Does that title count as burying the lead, a backhanded compliment, or simply the optimistic viewpoint of this game? I’m not sure, but whatever it was the Titans were outscored in the first half matchup’s of mostly starters, 17-10, but held the Falcons scoreless in the second half while putting up 14 points of their own, for a preseason victory.
The big news probably remains the first-team defense, which played into the third quarter because they pissed off Ken Whisenhunt with their slow start after the Falcons became the third (of three) preseason opponent to turn their first possession into a touchdown against the Titans. Matt Ryan’s decidedly casual day continued from there, as he finished 18-23 for 224 yards and two scores. Both scores came from beyond 30 yards but were off quick passes-the first against Jason McCourty, who slipped covering Devin Hester, and the second against Coty Sensabaugh, who Julio Jones was able to outmuscle-and featured Bernard Pollard in space as an additional culprit. It wasn’t all bad, as the Titans stiffened up to hold Ryan and the Falcons on downs late in the first half (credit Sammie Hill, who gave the Falcons troubles at times, on the fourth down stop) and to a three-and-out at the start of the second half before Ryan departed.
The Falcons’ early success (and lack of dunking over the goalpost) put the Titans’ first-team offense in a field position hole, as their average starting field position on Jake Locker’s six drives was their own 18. The first-team offense managed a field goal and a touchdown out of that. The field goal drive’s biggest plays, one completion and one pass interference call, came on passes to Justin Hunter, who continued to play with the first team in three wide receiver sets. The touchdown came on a big play to Nate Washington, who Locker had missed in the end zone on the field goal drive but who he didn’t miss on a deep post route with the safety nowhere to be round for a 63 yard catch and run. Locker, who finished 12-17 for 188 yards and the score, was for the most part reasonably efficient and effective. The most concerting thing was the pressure he got, including a couple sacks you’d like to see Shonn Greene do better on; Greene also struggled to find running room (6-15) against a Falcons defense that I find lacking in personnel undergoing their own scheme modification.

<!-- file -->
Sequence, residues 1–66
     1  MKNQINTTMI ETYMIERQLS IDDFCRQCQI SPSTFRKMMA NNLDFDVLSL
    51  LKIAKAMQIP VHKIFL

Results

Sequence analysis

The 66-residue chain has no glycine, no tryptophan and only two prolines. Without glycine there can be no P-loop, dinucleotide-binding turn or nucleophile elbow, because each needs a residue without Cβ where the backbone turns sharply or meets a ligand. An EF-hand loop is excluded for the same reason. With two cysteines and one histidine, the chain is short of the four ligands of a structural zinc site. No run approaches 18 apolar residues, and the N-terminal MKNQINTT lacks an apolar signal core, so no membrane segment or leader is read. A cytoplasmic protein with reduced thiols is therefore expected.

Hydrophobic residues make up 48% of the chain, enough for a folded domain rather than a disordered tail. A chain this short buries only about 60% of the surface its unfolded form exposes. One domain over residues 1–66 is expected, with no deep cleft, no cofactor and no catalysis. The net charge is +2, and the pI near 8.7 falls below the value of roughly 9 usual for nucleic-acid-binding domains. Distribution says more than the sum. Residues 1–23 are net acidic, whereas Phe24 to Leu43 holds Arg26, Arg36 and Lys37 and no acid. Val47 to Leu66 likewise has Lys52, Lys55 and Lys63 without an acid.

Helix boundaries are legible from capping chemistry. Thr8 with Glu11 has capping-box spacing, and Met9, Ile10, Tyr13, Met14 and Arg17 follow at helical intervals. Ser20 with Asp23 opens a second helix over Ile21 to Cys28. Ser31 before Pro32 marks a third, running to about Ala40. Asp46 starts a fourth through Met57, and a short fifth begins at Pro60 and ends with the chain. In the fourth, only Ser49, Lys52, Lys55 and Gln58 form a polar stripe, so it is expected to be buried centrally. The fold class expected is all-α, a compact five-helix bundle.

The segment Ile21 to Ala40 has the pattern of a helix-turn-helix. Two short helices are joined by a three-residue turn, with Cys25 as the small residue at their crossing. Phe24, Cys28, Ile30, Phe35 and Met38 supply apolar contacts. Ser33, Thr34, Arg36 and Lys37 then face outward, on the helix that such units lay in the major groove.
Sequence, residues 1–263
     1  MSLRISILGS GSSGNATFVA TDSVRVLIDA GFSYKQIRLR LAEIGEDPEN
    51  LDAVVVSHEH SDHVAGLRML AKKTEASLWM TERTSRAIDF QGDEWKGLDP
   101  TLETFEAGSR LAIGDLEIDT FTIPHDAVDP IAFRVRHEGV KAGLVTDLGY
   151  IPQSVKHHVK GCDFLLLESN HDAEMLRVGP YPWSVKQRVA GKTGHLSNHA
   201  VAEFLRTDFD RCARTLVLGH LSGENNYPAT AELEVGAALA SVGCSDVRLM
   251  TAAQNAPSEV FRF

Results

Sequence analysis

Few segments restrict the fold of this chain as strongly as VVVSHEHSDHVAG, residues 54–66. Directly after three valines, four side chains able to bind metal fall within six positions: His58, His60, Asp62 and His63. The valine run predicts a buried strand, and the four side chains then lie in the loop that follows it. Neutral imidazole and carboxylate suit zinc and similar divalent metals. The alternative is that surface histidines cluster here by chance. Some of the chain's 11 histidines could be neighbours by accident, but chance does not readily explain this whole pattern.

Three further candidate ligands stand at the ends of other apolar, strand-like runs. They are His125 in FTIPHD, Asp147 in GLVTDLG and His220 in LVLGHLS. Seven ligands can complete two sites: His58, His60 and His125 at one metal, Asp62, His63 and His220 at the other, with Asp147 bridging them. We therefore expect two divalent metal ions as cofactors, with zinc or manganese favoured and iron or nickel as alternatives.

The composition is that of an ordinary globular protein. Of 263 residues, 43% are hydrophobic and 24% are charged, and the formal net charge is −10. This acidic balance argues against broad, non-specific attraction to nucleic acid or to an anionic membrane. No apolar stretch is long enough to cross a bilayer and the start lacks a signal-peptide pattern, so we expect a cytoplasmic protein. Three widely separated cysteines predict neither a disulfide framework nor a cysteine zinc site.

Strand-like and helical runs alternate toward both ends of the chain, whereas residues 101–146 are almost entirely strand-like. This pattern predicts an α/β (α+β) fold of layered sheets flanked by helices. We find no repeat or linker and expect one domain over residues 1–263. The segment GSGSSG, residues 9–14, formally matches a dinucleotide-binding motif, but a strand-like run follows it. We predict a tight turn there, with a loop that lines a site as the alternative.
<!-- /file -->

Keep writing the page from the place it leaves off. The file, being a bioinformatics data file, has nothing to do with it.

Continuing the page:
What changed in the second half? For one, Sean Renfree and T.J. Yates in the game instead of Matt Ryan, plus Atlanta’s second-team offensive line. The first one held up okay, at least in the pass game (Jurrell Casey flushed Ryan for a Hill sack on a 3-man rush on one play). Karl Klug is still better than your backup offensive linemen. Plus, it was the Falcons’ turn to have bad field position, as they started at or inside their own 21 on all five second half possessions. The Zach Mettenberger-led offense was part of that, as after a holding-related three-and-out his first possession he led three scoring drives, only one of which included a drive-extending penalty unrelated to the play after a third down stop. (Both teams ended with 10 penalties for around 100 yards, practically a flag-free game by last week’s standards.) On the whole, it was more of the same from Zach, thankfully minus the turnovers. He let the ball loose, finding the tight ends frequently (Taylor Thompson and Chase Coffman each had a pair of grabs that gained at least 10 yards from Mettenberger). His first two drives ended in field goals, while his third ended in a score on the ground by Bishop Sankey, who also scored on the two-point conversion. I thought Sankey, who wasn’t targeted with a catchable pass but who did draw a third-down defensive holding penalty right before his TD run, looked about how you’d expect a back who gained 44 yards on 16 carries to look.
What about the kickers? Travis Coons was one-for-two on field goals, hitting from 39 and missing well short from 63 at the end of the first half. Maikon Bonani hit both of his attempts, from 44 and 51. On kickoffs, Bonani seemed better than Coons, who didn’t force any touchbacks and saw one long Devin Hester return. The Titans will do things like chart kickoff times and have a more formal evaluation process, but on my tentative battle chart, push Coons down, Bonani and “Field” up.
Just for the record, my live viewing notes had the Titans generally sticking to the same outside linebacker rotation, with Ayers on the right and Phillips on the left with the second team and Ayers also playing with Copeland. I didn’t notice Patrick Bailey playing OLB, though I wouldn’t swear he didn’t.
Much more on this game later, after I spend my normal couple hours rewatching it in excessive detail.